Memefest: Love, Conflict, Imagination & Water Privatisation

I’ve recently submitted some personal design work I made to Memefest, which describes itself as an international online festival of radical communication. I think the initiative is brilliant, there are so few online communities oriented towards social or activist communication, and I think it’s a theme that is not often explored especially in the graphic design community. What does it mean to do social work when you are a designer? Should you consider yourself an activist designer only because you did some pro-bono work that was solicited by a charity organisation? Activist designers and communication professionals might think it’s more than that, creating visual content that will interact more with the intended “viewership” than an advertising campaign.

Years ago, when I was finishing my graphic design degree in university and started getting more interested about “social design”, I was looking for books regarding activist communications and found so very few discussing citizenship and design. In a world where design is too often related to selling products, I think this one is a must read: Citizen Designer: Perspectives on Design Responsibility.

My submission to Memefest was inspired by the water anti-privatization struggle that many communities are affected by in South Africa. I was lucky enough to be able to work with some of these communities 8 years ago, when I first visited South Africa on an internship. As the Phiri Water Case reached the Supreme Court in 2009, the Coalition Against Water Privatisation stated:

The SCA’s judgment determined that 42 litres of water per person/per day constitutes ‘sufficient’ water in terms of the Constitution, and made the provision of this amount conditional on the ‘City’s’ own assessment of what constitutes ‘reasonableness’ and ‘through available resources’. The determination further allows the ‘City’ to set the timing, character and extent of changes to its existing ‘free water policy’ and only to provide . the increased free basic amount to those who are registered as indigents with the ‘City’.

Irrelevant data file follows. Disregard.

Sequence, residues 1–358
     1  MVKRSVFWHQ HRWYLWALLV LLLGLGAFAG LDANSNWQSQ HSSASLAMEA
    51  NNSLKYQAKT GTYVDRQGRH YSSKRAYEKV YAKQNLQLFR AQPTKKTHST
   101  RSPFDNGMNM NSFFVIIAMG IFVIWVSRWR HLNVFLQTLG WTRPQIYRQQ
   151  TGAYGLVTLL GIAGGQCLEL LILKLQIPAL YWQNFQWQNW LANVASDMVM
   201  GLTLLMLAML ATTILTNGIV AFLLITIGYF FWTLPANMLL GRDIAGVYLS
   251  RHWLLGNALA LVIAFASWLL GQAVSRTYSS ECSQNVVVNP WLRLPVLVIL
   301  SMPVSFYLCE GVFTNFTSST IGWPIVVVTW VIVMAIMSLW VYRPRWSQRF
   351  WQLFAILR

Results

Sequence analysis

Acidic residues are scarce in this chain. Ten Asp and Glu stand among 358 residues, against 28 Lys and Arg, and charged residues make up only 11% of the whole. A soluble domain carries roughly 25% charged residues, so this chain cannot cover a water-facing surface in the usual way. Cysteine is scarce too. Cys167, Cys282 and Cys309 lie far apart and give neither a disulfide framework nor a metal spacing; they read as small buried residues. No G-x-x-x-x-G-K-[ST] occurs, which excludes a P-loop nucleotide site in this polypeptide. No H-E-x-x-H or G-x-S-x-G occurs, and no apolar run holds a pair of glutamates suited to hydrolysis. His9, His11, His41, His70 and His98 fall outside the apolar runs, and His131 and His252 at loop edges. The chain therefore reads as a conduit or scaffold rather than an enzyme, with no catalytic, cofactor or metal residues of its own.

Not only does the SCA determination of the amount of ‘free basic water’ fall short of what is universally accepted and recognised as the minimum amount of water needed for basic human needs and dignity, it allows the ‘City’ to unilaterally determine and manage who enjoys their constitutional right to water and when. Crucially, it effectively legalises the treatment of the poor majority as second class citizens.

This inspired the following series of posters on the theme of the festival:

Love: on the day we became free, we thought we could enjoy our liberty, and love as water flows

Conflict: then they took away our freedom as if our lives could be metered, our love dried and turned into conflict

Imagination: we imagined a world without meters, without the privatisation of our liberty. we organized and we marched so that imagination like love can not be metered.

Update: Some informative videos are up on about the water privatisation struggle:

The Amanzi Ngawethu film was released in solidarity on the day this water struggle reached the Constitutional Court of South Africa, the 2nd of September 2009. The Bill of Rights of the South African Constitution guarantees right of access to sufficient water. However, poor communities in Johannesburg’s townships do not have sufficient water and do not receive the same water service as the richer suburbs. This legal battle aimed to secure constitutional rights for all – water is a right not a privilege!


This short film is a collaboration between:
Coalition Against Water Privatisation
Phiri Concerned Residents
Anti-Privatisation Forum of South Africa:
Centre for Applied Legal Studies, Wits University, Johannesburg:
Friction Films:

and the follow up-story here:

Jackie Dugard is the Director of the Socio-Economic Rights Institute of South Africa (SERI):
Anti-Privatisation Forum of South Africa:
Interview and Production: FF*

Following the six year Mazibuko Water Rights Case which reached the South African Constitutional Court last year, here is a new series of video interviews with the struggle lawyer Jackie Dugard, starting with this short update. In the following video she goes onto describe some of the challenges and connections moving forward.



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